Erin Campbell

and 4 more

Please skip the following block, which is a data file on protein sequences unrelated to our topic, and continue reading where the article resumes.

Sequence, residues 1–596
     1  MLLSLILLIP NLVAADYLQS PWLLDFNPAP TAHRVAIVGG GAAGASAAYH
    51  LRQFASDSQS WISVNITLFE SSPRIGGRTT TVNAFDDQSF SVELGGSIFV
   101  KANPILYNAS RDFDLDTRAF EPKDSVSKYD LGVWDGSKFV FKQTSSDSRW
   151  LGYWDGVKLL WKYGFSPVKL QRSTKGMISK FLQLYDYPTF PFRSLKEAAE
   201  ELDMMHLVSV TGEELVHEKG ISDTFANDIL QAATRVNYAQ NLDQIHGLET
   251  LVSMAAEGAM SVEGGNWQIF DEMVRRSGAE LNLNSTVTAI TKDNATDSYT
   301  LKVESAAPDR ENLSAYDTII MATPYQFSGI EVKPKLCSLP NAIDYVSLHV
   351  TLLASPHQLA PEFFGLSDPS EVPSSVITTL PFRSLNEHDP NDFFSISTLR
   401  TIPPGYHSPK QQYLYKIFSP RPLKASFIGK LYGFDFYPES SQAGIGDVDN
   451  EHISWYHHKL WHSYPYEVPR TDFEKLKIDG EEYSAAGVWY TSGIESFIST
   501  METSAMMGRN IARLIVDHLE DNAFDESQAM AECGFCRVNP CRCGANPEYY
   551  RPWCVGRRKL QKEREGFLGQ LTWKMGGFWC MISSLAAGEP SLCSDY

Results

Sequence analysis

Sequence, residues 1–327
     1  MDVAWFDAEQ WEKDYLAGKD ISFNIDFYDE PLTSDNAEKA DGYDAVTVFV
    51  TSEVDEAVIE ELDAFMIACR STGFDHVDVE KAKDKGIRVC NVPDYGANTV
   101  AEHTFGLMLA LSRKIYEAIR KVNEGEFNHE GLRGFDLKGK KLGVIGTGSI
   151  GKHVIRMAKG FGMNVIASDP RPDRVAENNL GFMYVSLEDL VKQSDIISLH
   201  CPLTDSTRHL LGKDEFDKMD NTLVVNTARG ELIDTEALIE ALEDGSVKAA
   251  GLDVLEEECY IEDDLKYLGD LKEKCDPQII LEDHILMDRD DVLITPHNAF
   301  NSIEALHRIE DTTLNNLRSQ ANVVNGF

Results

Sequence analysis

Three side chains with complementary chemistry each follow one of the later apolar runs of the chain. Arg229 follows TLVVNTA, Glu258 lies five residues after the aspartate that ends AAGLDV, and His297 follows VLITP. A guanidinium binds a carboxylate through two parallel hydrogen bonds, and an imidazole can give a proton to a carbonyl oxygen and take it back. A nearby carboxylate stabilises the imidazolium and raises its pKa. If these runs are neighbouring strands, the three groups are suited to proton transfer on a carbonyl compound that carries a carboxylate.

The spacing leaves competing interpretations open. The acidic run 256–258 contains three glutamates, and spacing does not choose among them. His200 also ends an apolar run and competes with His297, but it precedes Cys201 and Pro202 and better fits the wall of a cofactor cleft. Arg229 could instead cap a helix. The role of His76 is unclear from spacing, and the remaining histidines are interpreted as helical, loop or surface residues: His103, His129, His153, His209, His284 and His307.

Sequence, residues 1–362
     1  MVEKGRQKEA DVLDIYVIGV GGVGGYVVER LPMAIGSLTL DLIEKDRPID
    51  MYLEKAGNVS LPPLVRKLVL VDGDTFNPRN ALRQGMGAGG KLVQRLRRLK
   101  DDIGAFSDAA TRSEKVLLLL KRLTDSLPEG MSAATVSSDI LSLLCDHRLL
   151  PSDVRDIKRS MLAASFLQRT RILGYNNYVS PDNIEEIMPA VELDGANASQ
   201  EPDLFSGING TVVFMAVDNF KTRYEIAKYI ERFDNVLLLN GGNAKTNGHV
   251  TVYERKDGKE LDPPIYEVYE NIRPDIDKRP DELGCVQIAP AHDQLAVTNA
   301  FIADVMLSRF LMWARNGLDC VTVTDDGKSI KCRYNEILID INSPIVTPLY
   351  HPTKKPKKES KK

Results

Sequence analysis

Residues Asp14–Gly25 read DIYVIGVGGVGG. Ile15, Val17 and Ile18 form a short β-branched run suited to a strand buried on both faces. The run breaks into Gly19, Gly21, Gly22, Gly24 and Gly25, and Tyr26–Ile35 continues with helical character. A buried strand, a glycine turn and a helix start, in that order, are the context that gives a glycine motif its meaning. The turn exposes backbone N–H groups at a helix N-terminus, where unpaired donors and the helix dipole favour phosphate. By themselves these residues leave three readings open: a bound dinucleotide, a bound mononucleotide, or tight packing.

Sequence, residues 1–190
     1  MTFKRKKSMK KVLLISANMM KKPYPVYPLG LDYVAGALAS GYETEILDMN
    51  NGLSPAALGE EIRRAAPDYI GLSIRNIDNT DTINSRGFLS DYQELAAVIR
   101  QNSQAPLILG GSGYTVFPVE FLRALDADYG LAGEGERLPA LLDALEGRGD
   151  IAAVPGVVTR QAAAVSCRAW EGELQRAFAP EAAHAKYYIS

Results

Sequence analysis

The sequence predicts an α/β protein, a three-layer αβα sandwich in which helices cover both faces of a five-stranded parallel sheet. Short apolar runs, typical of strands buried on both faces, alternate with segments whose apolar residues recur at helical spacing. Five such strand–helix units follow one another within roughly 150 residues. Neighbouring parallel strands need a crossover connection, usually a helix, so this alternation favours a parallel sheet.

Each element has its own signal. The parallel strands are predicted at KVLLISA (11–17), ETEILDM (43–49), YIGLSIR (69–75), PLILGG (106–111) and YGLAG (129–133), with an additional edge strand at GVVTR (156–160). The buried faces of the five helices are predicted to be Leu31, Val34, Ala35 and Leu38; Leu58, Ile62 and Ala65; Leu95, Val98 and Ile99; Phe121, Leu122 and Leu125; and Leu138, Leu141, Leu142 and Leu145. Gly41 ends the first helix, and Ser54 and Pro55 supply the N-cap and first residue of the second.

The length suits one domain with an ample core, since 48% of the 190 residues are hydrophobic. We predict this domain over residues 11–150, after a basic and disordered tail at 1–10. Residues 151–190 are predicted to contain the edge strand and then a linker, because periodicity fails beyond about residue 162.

Species delimitation is essential to understanding and categorizing our planet’s biodiversity, particularly amidst rapid changes to environmental conditions and natural landscapes. However, the process of speciation is heterogenous and often complex, and robust characterization of species boundaries has remained a challenge for many taxa. Recent advances in both genomics and ecological modelling have been a boon for research focused on population dynamics, and present new, multidisciplinary opportunities for clarifying species boundaries in taxa that have been difficult to classify otherwise. Here, we present an approach to combining ecological niche models with next-generation sequence data to aid in integrated species delimitation. We apply this approach to the Speyeria atlantis-hesperis (Lepidoptera: Nymphalidae) species complex, which is notorious for its muddled species delimitations, morphological variation and mito-nuclear discordance. Using genomic SNPs, we recovered substantial divergence, not only between S. hesperis and S. atlantis, but also within S. hesperis, which may be attributed to a combination of past introgression with another species, S. zerene, and post-glacial range expansion. We then applied niche modelling to assess ecological divergence and barriers to gene flow among the recovered genomic lineages. Results of these analyses suggest that adaptation to ecological conditions is hindering contemporary gene flow between northern and southern populations of S. hesperis, contributing to and reinforcing their genetic integrity. We suggest that the current species delimitation of S. hesperis should be revised, and demonstrate the utility of an approach to integrated species delimitation that combines ecological and genomic data and reconciles related species concepts.